Bank of America Corp. shares on Monday fell to levels not seen since May 2009 as concerns about the need for more capital at big banks and the economy rattled Wall Street.
The Charlotte bank's shares fell nearly 4 percent to $10.83, contributing to a decline in the Dow Jones industrial average of 61.30 points, or 0.5 percent. The Charlotte bank's shares remain well above a low of $3.14 in March 2009, but far below an all-time high of nearly $55 in November 2006.
Among large banks, Citigroup Inc. suffered the biggest decline Monday, with its shares falling 4.5 percent to $38.07. Wells Fargo & Co. shares dropped 2.2 percent to $26.26.
Analysts said bank stocks are suffering in the wake of a speech Friday in which Federal Reserve Board Gov. Daniel Tarullo discussed enhanced capital requirements for banks. In his remarks, he said banks could be asked to carry more capital based on their potential impact on the financial system if they failed.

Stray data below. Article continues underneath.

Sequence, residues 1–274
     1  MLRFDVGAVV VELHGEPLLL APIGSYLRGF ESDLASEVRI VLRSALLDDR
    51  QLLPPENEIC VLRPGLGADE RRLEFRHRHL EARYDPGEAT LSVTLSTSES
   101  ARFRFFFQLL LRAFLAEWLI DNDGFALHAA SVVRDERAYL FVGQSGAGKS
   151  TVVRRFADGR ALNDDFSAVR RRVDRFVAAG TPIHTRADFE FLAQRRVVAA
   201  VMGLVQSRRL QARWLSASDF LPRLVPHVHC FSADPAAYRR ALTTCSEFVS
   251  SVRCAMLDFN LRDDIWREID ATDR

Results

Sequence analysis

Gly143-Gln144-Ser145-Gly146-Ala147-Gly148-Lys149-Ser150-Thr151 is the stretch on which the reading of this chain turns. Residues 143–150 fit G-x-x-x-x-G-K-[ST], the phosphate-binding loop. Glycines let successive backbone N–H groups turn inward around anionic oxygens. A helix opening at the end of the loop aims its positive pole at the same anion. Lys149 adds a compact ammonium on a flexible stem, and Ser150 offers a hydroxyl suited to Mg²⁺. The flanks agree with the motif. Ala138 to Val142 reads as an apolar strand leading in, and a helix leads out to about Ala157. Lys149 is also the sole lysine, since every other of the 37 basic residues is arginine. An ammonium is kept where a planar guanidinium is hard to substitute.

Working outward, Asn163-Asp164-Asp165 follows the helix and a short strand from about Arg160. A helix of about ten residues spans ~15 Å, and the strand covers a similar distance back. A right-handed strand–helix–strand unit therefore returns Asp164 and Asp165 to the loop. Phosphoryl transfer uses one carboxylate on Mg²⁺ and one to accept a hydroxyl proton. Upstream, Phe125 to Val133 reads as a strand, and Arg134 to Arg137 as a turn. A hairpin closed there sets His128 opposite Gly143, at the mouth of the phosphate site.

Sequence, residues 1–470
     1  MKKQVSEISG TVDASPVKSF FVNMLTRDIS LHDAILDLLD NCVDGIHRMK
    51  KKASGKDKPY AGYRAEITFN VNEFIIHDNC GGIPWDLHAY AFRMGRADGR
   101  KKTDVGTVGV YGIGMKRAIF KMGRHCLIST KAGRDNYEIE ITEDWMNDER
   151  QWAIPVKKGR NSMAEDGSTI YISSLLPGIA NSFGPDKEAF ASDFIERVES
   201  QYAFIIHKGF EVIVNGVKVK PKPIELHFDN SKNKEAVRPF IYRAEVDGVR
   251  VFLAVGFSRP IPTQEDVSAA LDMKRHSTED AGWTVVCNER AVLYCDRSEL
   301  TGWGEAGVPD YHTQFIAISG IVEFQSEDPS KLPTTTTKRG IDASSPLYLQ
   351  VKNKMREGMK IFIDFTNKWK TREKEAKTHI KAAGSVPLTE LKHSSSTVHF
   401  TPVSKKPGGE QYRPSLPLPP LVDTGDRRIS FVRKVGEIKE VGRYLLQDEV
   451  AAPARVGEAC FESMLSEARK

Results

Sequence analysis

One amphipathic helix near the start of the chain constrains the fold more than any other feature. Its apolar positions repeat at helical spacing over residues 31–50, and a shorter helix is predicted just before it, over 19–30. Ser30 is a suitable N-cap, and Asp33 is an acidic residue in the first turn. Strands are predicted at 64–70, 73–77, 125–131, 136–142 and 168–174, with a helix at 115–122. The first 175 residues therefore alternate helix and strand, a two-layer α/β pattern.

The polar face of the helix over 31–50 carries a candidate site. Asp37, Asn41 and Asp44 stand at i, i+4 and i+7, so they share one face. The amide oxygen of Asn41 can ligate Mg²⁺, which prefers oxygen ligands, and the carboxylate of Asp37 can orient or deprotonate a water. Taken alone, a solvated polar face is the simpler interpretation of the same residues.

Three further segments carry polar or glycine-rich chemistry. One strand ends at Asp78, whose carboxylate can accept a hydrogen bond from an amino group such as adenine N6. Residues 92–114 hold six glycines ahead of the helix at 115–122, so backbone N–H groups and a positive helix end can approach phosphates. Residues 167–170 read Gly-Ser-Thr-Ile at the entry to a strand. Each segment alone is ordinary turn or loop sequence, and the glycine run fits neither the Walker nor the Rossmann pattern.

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"We have a highly politicized environment bringing with it a good deal of concern, and it continues to weigh on bank stocks," said Gary Townsend, chief executive of Hill-Townsend Capital, a Maryland-based investment firm.
Townsend said he believes bank stocks are as "cheap as they can be," but investors remain nervous about the sector. Sharp comments by administration and Fed officials aren't helping in a time of economic uncertainty, he added. The government reported Friday that the economy created fewer than expected jobs in May.
Banks need to keep sufficient capital on hand as a cushion against unexpected losses. In the wake of the financial crisis, new global standards will require them to hold even more over time. If capital rules are strengthened further, banks might have to resort to issuing new stock, which dilutes the holdings of existing shareholders.
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